1. The great future privilege, which the apostle hoped for; that of being present with Christ. The words, in the original, properly signify dwelling with Christ, as in the same country or city, or making a home with Christ.

2. When the apostle looked for this privilege, viz., when he should be absent from the body. Not to wait for it till the resurrection, when soul and body should be united again. He signifies the same thing in his epistle to the Philippians, chap. i. 22, 23: “But if I live in the flesh, this is the fruit of my labor. Yet what I shall choose, I wot not. For I am in a strait between two; having a desire to depart, and to be with Christ.”'

3. The value the apostle set on this privilege. It was such, that for the sake of it, he chose to be absent from the body. He was willing rather, or (as the word properly signifies) it were more pleasing to him, to part with the present life, and all its enjoyments, and be possessed of this great benefit, than to continue here.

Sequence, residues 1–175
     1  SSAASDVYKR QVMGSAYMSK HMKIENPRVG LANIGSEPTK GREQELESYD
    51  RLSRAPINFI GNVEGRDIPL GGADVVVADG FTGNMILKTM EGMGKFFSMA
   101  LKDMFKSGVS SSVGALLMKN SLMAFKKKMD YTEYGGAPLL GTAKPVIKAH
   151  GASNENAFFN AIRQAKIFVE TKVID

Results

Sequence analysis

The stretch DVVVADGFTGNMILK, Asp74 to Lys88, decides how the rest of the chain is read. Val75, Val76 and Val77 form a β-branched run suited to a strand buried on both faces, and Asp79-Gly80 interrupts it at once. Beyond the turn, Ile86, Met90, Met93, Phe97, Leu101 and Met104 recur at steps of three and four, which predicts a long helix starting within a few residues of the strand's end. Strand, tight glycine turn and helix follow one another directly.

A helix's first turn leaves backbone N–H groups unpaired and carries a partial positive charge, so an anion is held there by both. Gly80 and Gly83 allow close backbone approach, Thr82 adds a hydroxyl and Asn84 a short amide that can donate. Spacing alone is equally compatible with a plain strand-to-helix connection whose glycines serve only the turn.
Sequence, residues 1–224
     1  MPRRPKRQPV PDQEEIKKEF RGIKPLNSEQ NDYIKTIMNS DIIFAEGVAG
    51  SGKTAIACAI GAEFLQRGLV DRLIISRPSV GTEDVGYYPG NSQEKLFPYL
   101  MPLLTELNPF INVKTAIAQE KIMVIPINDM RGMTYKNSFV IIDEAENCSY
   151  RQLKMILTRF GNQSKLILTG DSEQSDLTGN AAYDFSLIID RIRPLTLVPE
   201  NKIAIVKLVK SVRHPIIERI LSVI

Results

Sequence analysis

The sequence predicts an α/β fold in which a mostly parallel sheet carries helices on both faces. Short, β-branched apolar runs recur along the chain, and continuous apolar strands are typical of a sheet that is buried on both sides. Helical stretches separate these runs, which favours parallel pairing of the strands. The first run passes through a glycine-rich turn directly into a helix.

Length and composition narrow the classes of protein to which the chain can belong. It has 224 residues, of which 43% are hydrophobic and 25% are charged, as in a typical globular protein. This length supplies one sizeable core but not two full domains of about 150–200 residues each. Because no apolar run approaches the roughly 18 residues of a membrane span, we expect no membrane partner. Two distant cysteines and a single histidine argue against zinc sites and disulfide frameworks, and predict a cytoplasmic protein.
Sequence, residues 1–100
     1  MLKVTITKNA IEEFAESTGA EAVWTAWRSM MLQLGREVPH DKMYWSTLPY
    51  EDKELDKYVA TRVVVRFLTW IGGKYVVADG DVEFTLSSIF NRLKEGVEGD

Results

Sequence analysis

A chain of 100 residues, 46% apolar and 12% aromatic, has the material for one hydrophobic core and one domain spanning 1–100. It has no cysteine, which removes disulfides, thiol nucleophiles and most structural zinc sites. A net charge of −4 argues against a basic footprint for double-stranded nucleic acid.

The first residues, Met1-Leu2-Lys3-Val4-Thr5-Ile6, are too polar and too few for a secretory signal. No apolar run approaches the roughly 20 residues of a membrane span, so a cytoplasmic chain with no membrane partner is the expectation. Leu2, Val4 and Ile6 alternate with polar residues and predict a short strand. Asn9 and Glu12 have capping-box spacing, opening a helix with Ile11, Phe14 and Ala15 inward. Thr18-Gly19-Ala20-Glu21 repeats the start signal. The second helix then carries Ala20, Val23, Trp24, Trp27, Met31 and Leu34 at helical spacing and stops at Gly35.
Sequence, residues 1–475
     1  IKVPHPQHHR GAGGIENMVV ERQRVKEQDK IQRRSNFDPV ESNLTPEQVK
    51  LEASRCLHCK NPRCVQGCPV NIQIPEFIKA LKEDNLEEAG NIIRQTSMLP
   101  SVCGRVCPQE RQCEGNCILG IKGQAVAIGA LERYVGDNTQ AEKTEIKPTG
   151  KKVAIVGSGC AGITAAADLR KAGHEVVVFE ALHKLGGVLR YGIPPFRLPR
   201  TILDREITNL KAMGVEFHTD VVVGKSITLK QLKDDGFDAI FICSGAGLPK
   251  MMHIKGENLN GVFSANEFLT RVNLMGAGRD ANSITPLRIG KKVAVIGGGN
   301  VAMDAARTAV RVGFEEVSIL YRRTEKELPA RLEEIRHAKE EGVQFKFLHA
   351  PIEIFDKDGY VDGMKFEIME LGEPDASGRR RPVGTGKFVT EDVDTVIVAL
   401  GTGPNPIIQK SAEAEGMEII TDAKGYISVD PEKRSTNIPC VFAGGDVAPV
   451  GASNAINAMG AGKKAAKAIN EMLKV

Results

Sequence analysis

4. The present benefit, which the apostle had by his faith and hope of this future privilege, and of his great value for it, viz., that hence he received courage, assurance, and constancy of mind, agreeable to the proper import of the word that is rendered, we are confident. The apostle is now giving a reason of that fortitude and inmovable stability of mind, with which he went through those extreme labors, hardships and dangers, which he mentions in this discourse; 50 that, in the midst of all, he did not faint, was not discouraged, but had constant light, and inward support, strength, and comfort in the midst of all : agreeable to the 10th verse of the foregoing chapter, “ For which cause, we faint not; but though our outward man perish, yet the inward man is renewed day by day."

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• Preached on the day of the funera! of the Rev. Mr. David Brainerd, Missionary ic the Indians, from the Horlo alle Soci ty in Scotland for the propagation of Christian Knowledge, and Pastor of: Church of Christian India is in New Jersey; who died at Northampton, in New England, October 4 1747, in the 30th year of his age, and was interr.d on the 12th following